Sarande & Butrindt

Aug 25, 2019 - Sea Cloud

After a calm breakfast at anchor in the port of Sarande, guests set out with our guides Shpressa and Loreta for the UNESCO World Heritage Site of Butrint. The site has only been partially excavated, and there was a palpable tension between the ruins and nature in the form of an almost jungle-like overgrowth of flora and the gradual encroachment of the brackish waters from Lake Butrint and the Ionian Sea. Butrint could serve as a textbook for archeology students: a Greek theater, Roman baths, Byzantine basilica, and a Venetian fortress on top of what had been the acropolis. The difference in construction type and materials is fascinating as each civilization added to the wealth of this site so important for trade, healing, and worship. Until more funding is available for preservation, the magnificent mosaic floors remain covered in sand, but pictures of them are on display in the small but comprehensive museum.

After lunch, some went for a walk along the seaside promenade, others read or played cards, and still others opted to nap. In the afternoon, ship historian Rebecca Ingram gave a presentation on the Ottomans in the Balkans to prepare us for the upcoming days in Albania. Afterward, there was a swim call for those who needed a refresher after the warm morning in Butrint.

Later on, we enjoyed a cocktail party at the Ali Pasha Castle with panoramic views of the Albanian countryside, Butrindt Lake, and Corfu. Vendim, a world-renowned flute player, serenaded us with traditional Albanian melodies, haunting and lyrical. Photographers took advantage of the view while some more adventurous folks walked down the road to photograph the infamous bunkers and a flock of goats grazing nearby.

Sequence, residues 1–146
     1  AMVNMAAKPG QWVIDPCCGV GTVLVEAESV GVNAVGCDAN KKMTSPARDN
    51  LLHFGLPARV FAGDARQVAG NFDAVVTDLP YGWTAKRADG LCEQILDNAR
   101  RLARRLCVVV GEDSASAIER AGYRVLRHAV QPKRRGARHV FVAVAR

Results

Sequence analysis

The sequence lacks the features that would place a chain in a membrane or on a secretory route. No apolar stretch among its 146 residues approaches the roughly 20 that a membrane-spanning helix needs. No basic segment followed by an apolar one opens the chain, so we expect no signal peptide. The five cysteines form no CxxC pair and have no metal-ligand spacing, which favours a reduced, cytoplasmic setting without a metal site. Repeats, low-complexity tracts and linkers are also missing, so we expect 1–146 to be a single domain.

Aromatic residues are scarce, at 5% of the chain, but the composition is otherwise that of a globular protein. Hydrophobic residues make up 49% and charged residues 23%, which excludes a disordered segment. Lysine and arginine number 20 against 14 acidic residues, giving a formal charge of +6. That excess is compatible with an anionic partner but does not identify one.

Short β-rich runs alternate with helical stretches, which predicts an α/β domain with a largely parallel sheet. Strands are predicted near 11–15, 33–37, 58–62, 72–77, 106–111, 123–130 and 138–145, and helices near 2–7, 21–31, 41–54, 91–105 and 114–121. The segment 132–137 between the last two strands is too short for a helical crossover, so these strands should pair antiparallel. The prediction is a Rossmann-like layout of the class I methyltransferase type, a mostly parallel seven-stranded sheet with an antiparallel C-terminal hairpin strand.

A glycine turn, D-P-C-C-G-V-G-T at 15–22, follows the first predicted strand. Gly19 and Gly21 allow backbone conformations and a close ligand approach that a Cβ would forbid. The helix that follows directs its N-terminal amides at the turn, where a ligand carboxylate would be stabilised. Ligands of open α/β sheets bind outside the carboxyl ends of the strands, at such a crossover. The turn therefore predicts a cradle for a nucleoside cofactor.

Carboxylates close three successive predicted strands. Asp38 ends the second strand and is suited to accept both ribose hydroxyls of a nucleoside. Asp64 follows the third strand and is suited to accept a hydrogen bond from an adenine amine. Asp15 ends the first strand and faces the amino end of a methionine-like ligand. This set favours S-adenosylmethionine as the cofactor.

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About the Author

Grace Fielder

National Geographic Staff

Historian Grace Fielder is a National Geographic expert on the history, culture, and languages of the Dalmatian coast. She holds a PhD from University of California, Los Angeles and is a professor of Balkan and south Slavic linguistics at the University of Arizona. Grace taught at the the University of Virginia from 1983-1992, before moving to the University of Arizona in 1992. Since 2000 Grace has served on the National Policy Advisory Committee, Slavic and East European Language Resource Center at Duke University / University of North Carolina, and she has been the Chair of the Discipline Advisory Committee for the Fulbright Program. She has held grants from IREX and the Bulgarian Academy of Sciences for research in Bulgaria, as well as an ACLS postdoctoral grant.

About the Photographer

Max Seigal

Max Seigal

Naturalist/Certified Photo Instructor

Max Seigal grew up in beautiful Boulder, Colorado, and spent his early years working at his parent’s veterinary clinic, which sparked his love for animals. At a young age, Max fell in love with conservation and travel. He studied abroad in both Costa Rica and the Bahamas during high school, and went on to graduate summa cum laude from Ohio Wesleyan University with degrees in environmental science, zoology, and economics.

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